11 March 2021
Keen to play a role in developing the next generation of talent into further education, Chesterfield College has welcomed a new cohort of eager graduates and undergraduates into the organisation to give them a unique insight into a teaching career as part of the Education and Training Foundation’s programme, Talent to Teach. This is the second year the college has been part of the programme and they are already seeing many positive benefits.
The Talent to Teach programme was mentioned in the recent Skills for Jobs white paper, published by the government, as one important initiative which will be developed to help tackle the growing recruitment problem in the further education sector. The document highlights that half of principals in the UK say recruitment is difficult, so the need to act now is vitally important.
Becoming a provider of the Talent to Teach programme was an opportunity for Chesterfield College to nurture talent and build a workforce for the sector. Equally, the team were keen to share their passion for the role they play in their community, and the difference they make to their students and apprentices.
Jo Kershaw, Director of Business Professional and Service Industries, who manages the Talent to Teach programme at Chesterfield College said:
“Like many other colleges up and down the country, Chesterfield College wants to attract the very best talent to pass on their knowledge and expertise to students and apprentices. The Talent to Teach programme gives us the chance to highlight the benefits of a career in further education. It also helps graduates to understand that their knowledge and skills are in demand in the sector.
“For too long, further education has been overlooked by many who might have a desire to teach. It has been fascinating to see the participants on this programme discover the possibilities open to them in colleges and we have seen our staff develop their mentoring skills too.”
During the programme the participants work alongside, and are mentored by, college staff as they take part in a range of activities to give them an insight into the breadth and scope of teaching in further education. They also experience day-to-day life helping students to succeed.
After mandatory safeguarding training, the participants observe and take part in lessons as well as carry out a micro teach. They also attend 'ask the expert' sessions to learn about a range of other topics from Ofsted relating to supporting students with special educational needs.
The first intake of students on the programme, who took part before the pandemic, worked in the classroom with groups of students. The new intake has been experiencing teaching online and working with college staff virtually.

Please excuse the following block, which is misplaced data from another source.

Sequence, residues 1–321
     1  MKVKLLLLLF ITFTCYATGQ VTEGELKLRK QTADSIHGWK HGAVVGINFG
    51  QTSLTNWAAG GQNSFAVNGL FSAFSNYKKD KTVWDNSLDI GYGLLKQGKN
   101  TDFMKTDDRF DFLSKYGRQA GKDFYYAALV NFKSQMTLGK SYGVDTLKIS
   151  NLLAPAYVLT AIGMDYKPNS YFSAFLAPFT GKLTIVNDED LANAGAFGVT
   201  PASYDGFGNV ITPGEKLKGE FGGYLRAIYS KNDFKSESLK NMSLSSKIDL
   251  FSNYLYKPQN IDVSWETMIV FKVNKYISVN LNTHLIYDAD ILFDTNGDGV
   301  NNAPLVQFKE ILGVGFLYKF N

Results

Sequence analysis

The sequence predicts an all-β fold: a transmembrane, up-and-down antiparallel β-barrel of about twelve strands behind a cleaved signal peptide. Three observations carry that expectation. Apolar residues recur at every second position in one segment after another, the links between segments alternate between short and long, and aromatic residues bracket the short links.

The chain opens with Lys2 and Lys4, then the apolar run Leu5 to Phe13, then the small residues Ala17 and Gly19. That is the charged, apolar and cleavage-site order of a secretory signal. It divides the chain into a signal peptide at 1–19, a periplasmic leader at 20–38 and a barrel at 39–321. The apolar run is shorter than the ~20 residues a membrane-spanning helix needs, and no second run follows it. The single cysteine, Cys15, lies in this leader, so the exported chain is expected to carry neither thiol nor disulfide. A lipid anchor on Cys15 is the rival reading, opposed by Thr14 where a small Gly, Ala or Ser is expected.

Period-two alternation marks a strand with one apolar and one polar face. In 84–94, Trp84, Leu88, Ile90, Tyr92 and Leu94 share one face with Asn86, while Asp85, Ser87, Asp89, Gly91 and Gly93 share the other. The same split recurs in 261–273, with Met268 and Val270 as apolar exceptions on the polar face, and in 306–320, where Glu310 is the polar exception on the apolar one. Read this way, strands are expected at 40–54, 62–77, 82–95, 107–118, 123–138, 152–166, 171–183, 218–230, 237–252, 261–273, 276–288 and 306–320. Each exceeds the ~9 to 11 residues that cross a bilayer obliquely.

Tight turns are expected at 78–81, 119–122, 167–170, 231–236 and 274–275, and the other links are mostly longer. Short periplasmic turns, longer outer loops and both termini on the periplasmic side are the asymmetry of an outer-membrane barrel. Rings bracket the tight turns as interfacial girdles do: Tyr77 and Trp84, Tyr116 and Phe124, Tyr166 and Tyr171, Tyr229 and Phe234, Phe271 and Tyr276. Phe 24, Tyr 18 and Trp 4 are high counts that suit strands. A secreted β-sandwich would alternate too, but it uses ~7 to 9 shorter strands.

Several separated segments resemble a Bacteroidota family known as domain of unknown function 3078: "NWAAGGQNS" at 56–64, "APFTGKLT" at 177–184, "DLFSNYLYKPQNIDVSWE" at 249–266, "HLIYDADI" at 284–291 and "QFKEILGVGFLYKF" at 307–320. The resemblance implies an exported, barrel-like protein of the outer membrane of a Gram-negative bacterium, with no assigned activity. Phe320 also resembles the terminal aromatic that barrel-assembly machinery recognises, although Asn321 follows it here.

The fact that the programme is now being delivered virtually has had hidden benefits, allowing participants from a larger geographical area to access it. This was important because the pandemic meant only a quarter of the colleges who normally take part in the programme were able to offer places this year. Chesterfield College were keen to continue and demonstrate how they had adapted teaching and learning over lockdown.
Feedback from the previous intake of students highlights that 100% of those who took part have a higher level of interest in a teaching career in further education following the programme. The value of taking a hands-on approach during the scheme was a huge benefit to the participants who may have been witnessing the world of further education for the first time.
One politics and history graduate on the current Talent to Teach programme, Tyler Yves, commented: “I left school with a handful of GCSEs but studied in FE as a mature student on an Access to HE course. I understand the motivations of adult learners who study in FE colleges. There has always been this preconception that you were born to teach but I think so much has changed and I think we need to see how we can transfer skills into teaching as a viable career option. I can see the day-to-day difference I could make in a young person’s life by being part of FE. After a few sessions on the programme, I already find myself googling PGCE information!”
Sanaa Khalifa, a second year economics student said: “There are so many jobs and careers out there and you don’t know what to do unless you experience it first-hand which is why I wanted to take part in Talent to Teach. Now I am doing it, I do see myself in a teaching career in FE as opposed to working in business. It really has changed my outlook.”
Raina Roberts, Project manager for Talent to Teach at Cognition Education, the organisation running the programme on behalf of the Education and Training Foundation, said:
“It has been an absolute delight having Chesterfield College as a provider with the Talent to Teach in FE programme. Jo Kershaw and the team at the college have been incredible to work with and have put a great deal of passion into delivering the programme. Our partner providers, including Chesterfield College, are passionate about helping us raise the profile of further education and support us in establishing a high-quality pipeline of entrants for the sector.”
Thank you to Lisa Carne from Chesterfield College for submitting this news story. If you would like to share a news story from your organisation, we’d love to hear from you. Email us at email@example.com.
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